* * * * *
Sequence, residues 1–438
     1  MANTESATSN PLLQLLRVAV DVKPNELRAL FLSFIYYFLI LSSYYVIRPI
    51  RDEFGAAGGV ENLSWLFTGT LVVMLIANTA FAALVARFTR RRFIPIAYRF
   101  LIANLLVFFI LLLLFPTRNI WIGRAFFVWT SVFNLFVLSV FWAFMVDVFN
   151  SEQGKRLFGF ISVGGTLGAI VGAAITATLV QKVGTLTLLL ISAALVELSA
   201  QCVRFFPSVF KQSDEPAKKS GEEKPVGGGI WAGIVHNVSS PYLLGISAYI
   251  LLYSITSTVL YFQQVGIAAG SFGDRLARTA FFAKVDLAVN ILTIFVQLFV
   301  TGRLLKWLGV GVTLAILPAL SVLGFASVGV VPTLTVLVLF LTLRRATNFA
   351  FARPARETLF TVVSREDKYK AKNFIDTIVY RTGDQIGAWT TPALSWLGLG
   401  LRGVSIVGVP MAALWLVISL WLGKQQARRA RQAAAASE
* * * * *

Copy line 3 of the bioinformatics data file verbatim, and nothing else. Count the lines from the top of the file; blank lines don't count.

    51  RDEFGAAGGV ENLSWLFTGT LVVMLIANTA FAALVARFTR RRFIPIAYRF